Saturday, 25 November 2006

David Clough: Ethics in Crisis

David Clough, Ethics in Crisis: Interpreting Barth’s Ethics (Aldershot: Ashgate, 2005), xix + 143 pp. (with thanks to Ashgate for a review copy)

When Bruce McCormack published his great work on Karl Barth’s Critically Realistic Dialectical Theology in 1995, the whole field of Barth scholarship was decisively altered. Previously, it had been accepted that there was a sharp divide in Barth’s theology between an early “dialectical” method (as in the commentary on Romans) and a later “analogical” method (as in the Church Dogmatics). But McCormack demonstrated that there was no such divide, and that Barth’s theology was in fact consistently dialectical.

In this recent addition to Ashgate’s excellent Barth Studies series, David Clough seeks to build on McCormack’s work by uncovering the deep continuity between Barth’s earlier and later ethical thought. The structure of Clough’s book is simple but effective: he explores the dialectical character of Barth’s ethics in the commentary on Romans (1922), and then he compares this with the more elaborate ethical material in the Church Dogmatics (1932-67). In particular, Clough focuses on three main ethical themes in both Romans and the Church Dogmatics: first metaethics, then love and community, and finally war and revolution. And in each case he argues that Barth’s ethics can be understood properly only when its dialectical character is observed.

Clough demonstrates that some of the recurring criticisms of Barth’s ethical work rest on a failure to perceive the dialectical structure of his ethics. Barth has, for instance, often been accused of occasionalism, or of failing to specify in advance exactly how we hear God’s command. But Clough points out that Barth did not simply “forget” to address such problems – rather, to establish definite principles in such areas would be to “resolve the oppositional tensions in Barth’s ethical thought, close up the openings to the divine command they create, and enact the system he rejects” (p. 114). By situating ethical problems between opposing dialectical statements, Barth seeks to clarify the space in which God’s command may be encountered, rather than prescribing any specific forms of action.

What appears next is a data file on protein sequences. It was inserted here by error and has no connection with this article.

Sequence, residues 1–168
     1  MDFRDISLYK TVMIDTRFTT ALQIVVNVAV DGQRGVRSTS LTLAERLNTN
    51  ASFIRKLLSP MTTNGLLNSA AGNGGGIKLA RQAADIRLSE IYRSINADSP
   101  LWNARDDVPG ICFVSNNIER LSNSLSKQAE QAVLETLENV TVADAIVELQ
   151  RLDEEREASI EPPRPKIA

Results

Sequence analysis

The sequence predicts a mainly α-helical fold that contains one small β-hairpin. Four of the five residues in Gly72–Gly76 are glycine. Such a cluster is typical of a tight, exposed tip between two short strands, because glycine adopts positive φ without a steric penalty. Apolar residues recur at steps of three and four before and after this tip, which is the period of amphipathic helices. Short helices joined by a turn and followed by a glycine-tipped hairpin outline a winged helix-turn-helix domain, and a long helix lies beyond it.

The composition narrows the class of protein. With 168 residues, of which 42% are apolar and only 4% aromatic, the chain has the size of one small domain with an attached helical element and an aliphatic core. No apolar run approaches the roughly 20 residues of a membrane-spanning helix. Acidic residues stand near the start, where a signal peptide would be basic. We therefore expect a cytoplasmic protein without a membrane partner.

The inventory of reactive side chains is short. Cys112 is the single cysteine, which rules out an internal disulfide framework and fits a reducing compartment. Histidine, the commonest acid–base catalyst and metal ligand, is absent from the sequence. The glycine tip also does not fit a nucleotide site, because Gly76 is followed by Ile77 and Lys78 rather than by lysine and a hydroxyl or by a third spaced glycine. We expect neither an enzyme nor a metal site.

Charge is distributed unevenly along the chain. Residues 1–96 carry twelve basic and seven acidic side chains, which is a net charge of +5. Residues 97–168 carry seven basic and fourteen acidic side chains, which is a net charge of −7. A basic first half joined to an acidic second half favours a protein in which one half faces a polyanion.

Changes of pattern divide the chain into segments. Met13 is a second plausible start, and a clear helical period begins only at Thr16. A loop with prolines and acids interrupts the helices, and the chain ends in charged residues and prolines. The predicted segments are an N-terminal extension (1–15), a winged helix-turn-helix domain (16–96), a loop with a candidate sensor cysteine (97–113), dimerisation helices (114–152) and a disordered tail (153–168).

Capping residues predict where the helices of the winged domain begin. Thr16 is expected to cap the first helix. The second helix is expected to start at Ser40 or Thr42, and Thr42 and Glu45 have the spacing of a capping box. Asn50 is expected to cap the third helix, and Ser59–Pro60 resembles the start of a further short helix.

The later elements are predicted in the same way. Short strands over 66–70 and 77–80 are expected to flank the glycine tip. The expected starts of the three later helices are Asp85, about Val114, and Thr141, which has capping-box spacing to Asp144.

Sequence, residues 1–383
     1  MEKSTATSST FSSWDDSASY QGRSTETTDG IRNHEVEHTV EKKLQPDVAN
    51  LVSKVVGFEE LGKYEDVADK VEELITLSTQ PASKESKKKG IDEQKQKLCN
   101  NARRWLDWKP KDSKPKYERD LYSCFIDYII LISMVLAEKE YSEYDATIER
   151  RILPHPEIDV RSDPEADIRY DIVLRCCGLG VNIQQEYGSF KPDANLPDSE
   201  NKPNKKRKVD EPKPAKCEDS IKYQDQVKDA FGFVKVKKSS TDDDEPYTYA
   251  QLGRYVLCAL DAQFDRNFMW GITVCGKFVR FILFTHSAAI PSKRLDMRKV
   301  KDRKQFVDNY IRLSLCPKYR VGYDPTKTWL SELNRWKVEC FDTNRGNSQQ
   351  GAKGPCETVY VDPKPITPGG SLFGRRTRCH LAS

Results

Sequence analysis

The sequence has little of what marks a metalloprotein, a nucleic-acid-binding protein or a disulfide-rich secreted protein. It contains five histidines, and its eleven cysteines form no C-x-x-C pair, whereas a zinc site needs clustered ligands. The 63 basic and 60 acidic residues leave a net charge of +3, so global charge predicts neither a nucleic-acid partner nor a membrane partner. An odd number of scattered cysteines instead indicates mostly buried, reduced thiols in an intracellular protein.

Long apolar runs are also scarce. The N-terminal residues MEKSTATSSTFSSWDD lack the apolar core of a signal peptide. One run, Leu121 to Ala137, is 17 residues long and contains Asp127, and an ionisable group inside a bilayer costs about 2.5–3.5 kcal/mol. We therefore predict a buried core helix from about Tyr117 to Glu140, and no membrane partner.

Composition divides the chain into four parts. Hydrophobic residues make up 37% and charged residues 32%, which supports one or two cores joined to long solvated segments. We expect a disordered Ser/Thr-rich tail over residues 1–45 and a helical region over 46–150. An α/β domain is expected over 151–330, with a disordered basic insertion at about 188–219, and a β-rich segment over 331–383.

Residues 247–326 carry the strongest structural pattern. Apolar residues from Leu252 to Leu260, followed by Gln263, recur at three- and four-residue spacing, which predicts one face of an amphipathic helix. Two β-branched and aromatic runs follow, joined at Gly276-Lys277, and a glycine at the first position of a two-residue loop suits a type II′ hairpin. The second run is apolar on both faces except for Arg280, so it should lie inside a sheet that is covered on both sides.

As Clough notes, then, the question to ask is “not whether we should be more systematic in our ethics, but whether we may be” (p. 118) – whether as humans standing before God we can in fact aim for anything more than “to make ethics open to God’s command” (p. 132). For Barth, ethics should never aim to be too systematic; it should never attempt undialectically to describe in advance what God’s command will look like. On the contrary, the task of ethics is more modest and yet more challenging: not to be prescriptive, but to bear witness “to the One who is other than we are” (p. 12).

All theological ethics is thus caught up in a dialectical tension, in a situation of crisis. On the one hand, we are never able to say in advance what God’s command will be; and on the other hand, it is our responsibility to reflect on God’s command, so that we can be ready in each new situation to hear and obey. Ethics, therefore, is “a profoundly problematic but nonetheless inescapable task” (p. xv). It is always precarious, unstable, “set on the edge of a knife” (p. 14).

Clough concludes his study by bringing Barth into conversation with contemporary ethics. Barth’s dialectical ethics, he argues, can offer a way forwards beyond ethical absolutism on the one hand and postmodern ethical relativism on the other. As Clough notes, absolutist ethical models remain deeply entrenched in parts of the Christian church today. In such models – whether appealing to the Bible or to spiritual experience or to ecclesial authority – Christians claim to have “a certain … knowledge of God’s will for how human beings are to live” (p. 123). In contrast, relativist ethicists rightly perceive the “complexity and indeterminacy” of ethics, but merely throw up their hands at the possibility of the whole ethical enterprise (p. 124).

A dialectical ethics, however, offers a way beyond this impasse. Such an ethics offers not a complete system that can resolve all ethical problems in advance, but only a specific way of approaching concrete ethical problems. It is neither prescriptive nor merely critical; instead, it seeks “to remind us of the space in which Christian ethics must exist” (p. 131). This space is opened up by the crisis of all ethics: we must respond to God’s command, and yet we cannot guarantee in advance what God’s command will be. By situating our ethical reflection within this space – within this crisis – we wait for “encounter with God’s living Word,” in openness “to the unexpected grace of God” (p. 137).

David Clough’s Ethics in Crisis offers both significant contribution to the interpretation of Barth’s development, and a sharp and suggestive proposal for our contemporary task of reflecting theologically on the nature of human action and the will of God.

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